Built at the turn of the 19th century, the Hayground Windmill was named after its original location in Haye Ground, a village in Bridgehampton on Long Island. The windmill processed the largest net weight of wheat, corn, and oats in the region, operating on a seasonal basis until it was decommissioned in 1919. In its final year, the Hayground Windmill was the last functional windmill on all of Long Island.
After temporarily serving as a tearoom, the Hayground Windmill became the home and studio of Agnes Pelton, a modernist painter whose surreal landscapes have been likened to the work of her better-known contemporary, Georgia O’Keeffe. Pelton moved from Greenwich Village in New York City into the Hayground Windmill in 1921, and she would live and work within its walls for the next decade.
Capitalizing on the solitude of her unusual abode, Pelton was thoroughly influenced by her surroundings; and yet her time living in the Hayground Windmill was perhaps the most socially driven period of her career. It was characterized by an outpour of portraiture—depictions of her friends and neighbors, and summer visitors to the Hamptons. One of her most prominent patrons was Samuel Parrish, the founder of Bridgehampton’s esteemed Parrish Art Museum.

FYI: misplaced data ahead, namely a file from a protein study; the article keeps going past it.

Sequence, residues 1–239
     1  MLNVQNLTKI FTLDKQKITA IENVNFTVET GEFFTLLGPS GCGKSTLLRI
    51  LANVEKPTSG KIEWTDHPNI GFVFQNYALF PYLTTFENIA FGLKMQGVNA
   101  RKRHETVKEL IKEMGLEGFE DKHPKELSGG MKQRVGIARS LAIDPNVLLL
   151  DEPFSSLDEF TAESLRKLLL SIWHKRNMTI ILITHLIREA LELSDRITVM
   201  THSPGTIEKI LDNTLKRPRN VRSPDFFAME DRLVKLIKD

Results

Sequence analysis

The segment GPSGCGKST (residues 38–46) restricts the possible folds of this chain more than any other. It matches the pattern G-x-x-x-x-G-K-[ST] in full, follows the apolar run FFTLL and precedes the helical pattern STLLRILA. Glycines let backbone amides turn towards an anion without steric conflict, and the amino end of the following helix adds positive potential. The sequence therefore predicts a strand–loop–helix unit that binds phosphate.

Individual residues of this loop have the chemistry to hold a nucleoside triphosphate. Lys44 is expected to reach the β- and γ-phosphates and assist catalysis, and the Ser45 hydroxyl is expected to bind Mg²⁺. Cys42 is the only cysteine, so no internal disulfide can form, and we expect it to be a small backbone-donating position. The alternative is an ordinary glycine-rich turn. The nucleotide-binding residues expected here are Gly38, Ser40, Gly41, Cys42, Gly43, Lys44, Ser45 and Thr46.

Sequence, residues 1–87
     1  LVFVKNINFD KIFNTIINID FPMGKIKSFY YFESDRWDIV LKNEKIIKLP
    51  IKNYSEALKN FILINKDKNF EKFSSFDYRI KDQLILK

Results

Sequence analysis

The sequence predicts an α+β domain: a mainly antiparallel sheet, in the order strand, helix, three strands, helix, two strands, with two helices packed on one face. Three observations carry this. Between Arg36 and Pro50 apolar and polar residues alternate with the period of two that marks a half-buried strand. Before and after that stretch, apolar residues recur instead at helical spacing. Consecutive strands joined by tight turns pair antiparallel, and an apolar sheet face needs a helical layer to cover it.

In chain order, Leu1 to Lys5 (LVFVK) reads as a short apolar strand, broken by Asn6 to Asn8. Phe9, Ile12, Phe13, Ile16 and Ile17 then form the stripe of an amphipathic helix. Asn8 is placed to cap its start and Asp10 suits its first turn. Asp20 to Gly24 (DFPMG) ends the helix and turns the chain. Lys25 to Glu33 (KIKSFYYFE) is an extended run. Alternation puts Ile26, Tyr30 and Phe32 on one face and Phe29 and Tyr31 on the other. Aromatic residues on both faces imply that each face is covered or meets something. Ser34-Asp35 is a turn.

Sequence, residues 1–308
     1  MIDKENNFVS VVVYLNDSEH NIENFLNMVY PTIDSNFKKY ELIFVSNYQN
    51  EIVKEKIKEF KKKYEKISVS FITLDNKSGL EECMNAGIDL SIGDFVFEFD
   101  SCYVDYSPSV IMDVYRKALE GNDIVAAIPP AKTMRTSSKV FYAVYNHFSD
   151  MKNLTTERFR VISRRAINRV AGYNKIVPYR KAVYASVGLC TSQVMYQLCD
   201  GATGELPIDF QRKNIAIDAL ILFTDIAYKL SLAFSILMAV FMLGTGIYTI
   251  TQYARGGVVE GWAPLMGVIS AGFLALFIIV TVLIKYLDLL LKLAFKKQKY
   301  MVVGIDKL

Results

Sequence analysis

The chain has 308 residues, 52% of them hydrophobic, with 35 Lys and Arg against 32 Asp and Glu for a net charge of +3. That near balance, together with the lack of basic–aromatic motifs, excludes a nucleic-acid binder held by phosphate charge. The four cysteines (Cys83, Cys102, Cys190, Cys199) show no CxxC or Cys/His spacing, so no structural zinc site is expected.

A period of intense introspection in 1926 prompted a shift in Pelton’s oeuvre from portraiture to abstract landscapes. She eventually moved out west to California in 1932, where she took inspiration from the deeply emotive desert-scape. The work she created between 1917 and 1961 will be the subject of a major retrospective at the Whitney Museum of American Art in Manhattan from March through June 2020.
Pelton was long gone from the Hayground Windmill when in 1950, it was purchased by one Robert Dowling and moved via ox cart to his private East Hampton estate. It was placed on the National Historic Register in 1978, and as of the mid-’80s, it was one of only 11 historic wind-powered windmills left on Long Island.
Know Before You Go
The Hayground Windmill still stands on the Dowling estate near the Parrish Art Museum.